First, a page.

26. Deliver Us From The Evil One (Matthew 6:13)Related Media
And do not lead us into temptation, but deliver us from the evil one.
Matthew 6:13 (NET)
The Lord’s Prayer is meant to be our pattern of prayer. Often, we struggle with what to say when coming to God in prayer. Christ’s sample prayer helps us with this. With each of the six petitions, we are called to add our own words and thoughts. The first three are concerned with God: his name, kingdom, and will. The last three focus on our needs: bread—referring to our physical and spiritual needs—forgiveness of sins, and finally, deliverance from the evil one.
In the fifth petition, forgive us our debts, we focused on past sins. In the last petition, deliver us from evil, we focus on future sins. In the fifth, we asked for forgiveness from actual sins. In the last, we ask to be delivered from potential sins.1
In this study, we will consider the last petition of the Lord’s Prayer—lead us not into temptation, but deliver us from the evil one.
Big Question: What does the final petition of the Lord’s Prayer mean and what are its applications?
Do Not Lead Us into Temptation
Interpretation Question: What does the petition “do not lead us into temptation, but deliver us from the evil one” mean?
The sixth petition is probably a form of parallelism.2 Deliver us from the evil one is another way of restating do not lead us into temptation. Some versions translate “evil one” as “evil.” Both are correct translations, and there is really no consensus on which is better. There is probably a nuance of both— “evil one” and “evil”—in the word.3 We need to be delivered from not only Satan, but also from evil in our flesh and in the world, and we must recognize that God is the only one who can help us.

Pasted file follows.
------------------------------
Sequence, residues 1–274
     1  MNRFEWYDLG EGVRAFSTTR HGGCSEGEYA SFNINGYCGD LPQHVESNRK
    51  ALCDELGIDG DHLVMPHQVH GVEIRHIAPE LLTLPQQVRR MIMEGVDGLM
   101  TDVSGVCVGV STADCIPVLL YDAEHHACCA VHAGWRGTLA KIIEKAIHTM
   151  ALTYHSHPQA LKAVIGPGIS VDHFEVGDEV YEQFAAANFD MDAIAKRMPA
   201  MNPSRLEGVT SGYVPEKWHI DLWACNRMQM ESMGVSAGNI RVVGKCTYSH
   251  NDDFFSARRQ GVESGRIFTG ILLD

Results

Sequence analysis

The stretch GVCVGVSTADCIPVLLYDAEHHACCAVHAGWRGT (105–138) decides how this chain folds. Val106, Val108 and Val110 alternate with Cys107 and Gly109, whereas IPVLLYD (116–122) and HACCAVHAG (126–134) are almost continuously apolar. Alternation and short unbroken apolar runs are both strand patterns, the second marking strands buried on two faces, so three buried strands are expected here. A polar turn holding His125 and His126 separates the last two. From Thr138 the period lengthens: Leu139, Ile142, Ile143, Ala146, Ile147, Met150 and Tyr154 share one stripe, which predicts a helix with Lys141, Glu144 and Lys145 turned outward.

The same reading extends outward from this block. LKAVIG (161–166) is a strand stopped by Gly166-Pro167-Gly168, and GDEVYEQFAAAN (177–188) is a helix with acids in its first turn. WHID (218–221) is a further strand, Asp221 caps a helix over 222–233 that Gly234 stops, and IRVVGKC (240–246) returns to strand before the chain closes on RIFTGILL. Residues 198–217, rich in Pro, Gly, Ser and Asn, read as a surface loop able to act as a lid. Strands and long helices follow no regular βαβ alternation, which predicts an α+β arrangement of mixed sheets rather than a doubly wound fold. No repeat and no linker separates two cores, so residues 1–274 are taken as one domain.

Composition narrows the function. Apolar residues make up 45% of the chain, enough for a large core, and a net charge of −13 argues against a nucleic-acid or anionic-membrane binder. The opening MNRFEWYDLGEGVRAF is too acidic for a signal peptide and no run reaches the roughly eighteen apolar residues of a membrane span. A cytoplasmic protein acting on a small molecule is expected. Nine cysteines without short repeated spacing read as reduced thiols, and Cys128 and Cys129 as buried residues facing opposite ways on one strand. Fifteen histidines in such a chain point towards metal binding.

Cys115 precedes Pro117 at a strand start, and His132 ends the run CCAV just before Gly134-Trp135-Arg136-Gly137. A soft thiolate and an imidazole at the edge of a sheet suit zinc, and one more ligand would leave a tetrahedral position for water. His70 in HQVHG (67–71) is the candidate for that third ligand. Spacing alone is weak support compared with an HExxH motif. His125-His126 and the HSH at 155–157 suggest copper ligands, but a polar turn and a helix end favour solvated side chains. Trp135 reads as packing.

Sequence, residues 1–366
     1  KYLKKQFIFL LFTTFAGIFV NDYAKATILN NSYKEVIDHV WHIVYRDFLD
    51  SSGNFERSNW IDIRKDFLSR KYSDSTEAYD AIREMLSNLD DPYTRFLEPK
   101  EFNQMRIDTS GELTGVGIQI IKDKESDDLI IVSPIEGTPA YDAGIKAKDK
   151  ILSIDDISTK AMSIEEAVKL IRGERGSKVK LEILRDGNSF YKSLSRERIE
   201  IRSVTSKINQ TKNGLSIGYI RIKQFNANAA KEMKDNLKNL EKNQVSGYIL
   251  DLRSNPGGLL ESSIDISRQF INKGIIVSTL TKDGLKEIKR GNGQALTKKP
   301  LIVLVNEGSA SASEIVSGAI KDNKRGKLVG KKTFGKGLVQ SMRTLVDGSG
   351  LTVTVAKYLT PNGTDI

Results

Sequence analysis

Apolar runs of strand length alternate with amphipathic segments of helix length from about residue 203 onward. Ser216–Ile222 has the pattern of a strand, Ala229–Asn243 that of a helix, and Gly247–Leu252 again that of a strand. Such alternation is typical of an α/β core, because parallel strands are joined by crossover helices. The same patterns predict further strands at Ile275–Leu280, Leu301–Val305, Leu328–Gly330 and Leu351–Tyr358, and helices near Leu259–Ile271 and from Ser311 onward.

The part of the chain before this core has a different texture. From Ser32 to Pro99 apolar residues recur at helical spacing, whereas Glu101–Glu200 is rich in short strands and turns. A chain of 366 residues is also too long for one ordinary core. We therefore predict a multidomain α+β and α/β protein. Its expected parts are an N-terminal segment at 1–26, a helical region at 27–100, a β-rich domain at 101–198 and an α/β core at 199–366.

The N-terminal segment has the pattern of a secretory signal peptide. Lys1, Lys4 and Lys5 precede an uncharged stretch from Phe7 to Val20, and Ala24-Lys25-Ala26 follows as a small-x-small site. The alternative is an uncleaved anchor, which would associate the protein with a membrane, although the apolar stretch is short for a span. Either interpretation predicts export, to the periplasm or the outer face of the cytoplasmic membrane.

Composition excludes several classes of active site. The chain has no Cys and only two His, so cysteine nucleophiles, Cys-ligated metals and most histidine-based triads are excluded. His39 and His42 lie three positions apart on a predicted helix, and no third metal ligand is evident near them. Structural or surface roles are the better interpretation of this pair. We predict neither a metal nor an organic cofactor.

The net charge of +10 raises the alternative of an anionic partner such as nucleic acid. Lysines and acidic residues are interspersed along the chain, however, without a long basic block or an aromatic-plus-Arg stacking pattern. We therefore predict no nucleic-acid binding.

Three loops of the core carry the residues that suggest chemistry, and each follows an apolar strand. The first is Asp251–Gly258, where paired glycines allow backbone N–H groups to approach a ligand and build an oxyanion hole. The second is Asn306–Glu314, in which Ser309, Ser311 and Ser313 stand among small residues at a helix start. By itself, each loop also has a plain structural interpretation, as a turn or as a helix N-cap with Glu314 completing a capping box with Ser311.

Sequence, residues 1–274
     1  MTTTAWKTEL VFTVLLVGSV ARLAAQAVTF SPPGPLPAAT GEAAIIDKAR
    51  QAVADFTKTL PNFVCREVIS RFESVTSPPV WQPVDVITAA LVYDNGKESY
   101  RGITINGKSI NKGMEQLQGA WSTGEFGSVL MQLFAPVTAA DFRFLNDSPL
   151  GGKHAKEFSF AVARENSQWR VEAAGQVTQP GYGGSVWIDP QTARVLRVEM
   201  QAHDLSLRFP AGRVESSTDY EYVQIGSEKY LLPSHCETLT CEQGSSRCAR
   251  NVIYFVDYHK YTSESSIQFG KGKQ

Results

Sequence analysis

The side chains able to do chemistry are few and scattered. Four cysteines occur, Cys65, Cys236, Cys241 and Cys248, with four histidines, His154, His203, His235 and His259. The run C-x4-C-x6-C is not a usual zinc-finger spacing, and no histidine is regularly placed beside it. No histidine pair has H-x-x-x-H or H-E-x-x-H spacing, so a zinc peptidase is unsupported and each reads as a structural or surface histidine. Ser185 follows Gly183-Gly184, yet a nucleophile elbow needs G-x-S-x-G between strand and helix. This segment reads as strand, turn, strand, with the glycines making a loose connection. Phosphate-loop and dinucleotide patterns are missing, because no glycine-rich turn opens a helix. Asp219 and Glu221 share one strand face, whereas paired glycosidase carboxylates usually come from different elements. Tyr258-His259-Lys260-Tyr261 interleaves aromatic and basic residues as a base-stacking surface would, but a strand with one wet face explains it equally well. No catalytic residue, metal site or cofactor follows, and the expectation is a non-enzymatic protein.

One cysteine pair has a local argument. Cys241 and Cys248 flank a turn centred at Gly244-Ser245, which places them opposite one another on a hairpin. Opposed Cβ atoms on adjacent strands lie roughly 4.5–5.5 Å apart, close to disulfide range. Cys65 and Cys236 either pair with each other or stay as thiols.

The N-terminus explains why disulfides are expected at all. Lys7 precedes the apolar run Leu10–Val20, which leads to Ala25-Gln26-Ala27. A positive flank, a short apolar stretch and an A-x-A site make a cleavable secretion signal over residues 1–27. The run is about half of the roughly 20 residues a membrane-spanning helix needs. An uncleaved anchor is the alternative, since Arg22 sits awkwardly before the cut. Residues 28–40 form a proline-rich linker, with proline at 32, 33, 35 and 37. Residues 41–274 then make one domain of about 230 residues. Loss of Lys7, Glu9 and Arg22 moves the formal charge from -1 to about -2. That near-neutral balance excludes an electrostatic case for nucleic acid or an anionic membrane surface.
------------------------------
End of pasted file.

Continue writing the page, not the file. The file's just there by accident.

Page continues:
This petition provokes some hard questions: How can we ask God to lead us not into temptation? Isn’t that a foregone conclusion? James 1:13 says, “Let no one say when he is tempted, ‘I am tempted by God,’ for God cannot be tempted by evil, and he himself tempts no one.” God does not tempt anyone. He is holy and just. Therefore, why does Christ encourage us to ask God to not lead us into temptation?
People have reconciled the petition in different ways:
1. Some reconcile the petition by translating the word “temptation” as “test.”
In English, the word “temptation” has a negative connotation. It means to “entice to sin.” However, in the Bible, that is not necessarily true. The word is neutral. It also can be translated as “test.”4 When used of Satan’s testing of people, it is translated “temptation.”5 However, since the context is prayer, many would argue for translating it as “test,” since God will not tempt anyone. The Good News Bible actually translates it, “Do not bring us to hard testing.”6
God will not tempt us, but he certainly will test us. We get a good picture of this when God approached Abraham and told him to sacrifice Isaac. Genesis 22:1 begins with, “Some time after these things God tested Abraham.” God tested Abraham to see what was in his heart. Did he truly love God more than his son? Was God truly first in his life? As with Abraham, God often tests us in areas that are closest to our heart—areas that we are most tempted to put before him. Are we passionate about some hobby? Are we consumed with our appearance or some relationship? Often, that is where God will test us. We must always guard our hearts against any type of idolatry—anything that might come before God.
Another prominent test in Scripture is when God tested Israel in the wilderness after delivering them from Egypt. There he allowed them to hunger and thirst. Deuteronomy 8:2 says: “Remember the whole way by which he has brought you these forty years through the desert so that he might, by humbling you, test you to see if you have it within you to keep his commandments or not.”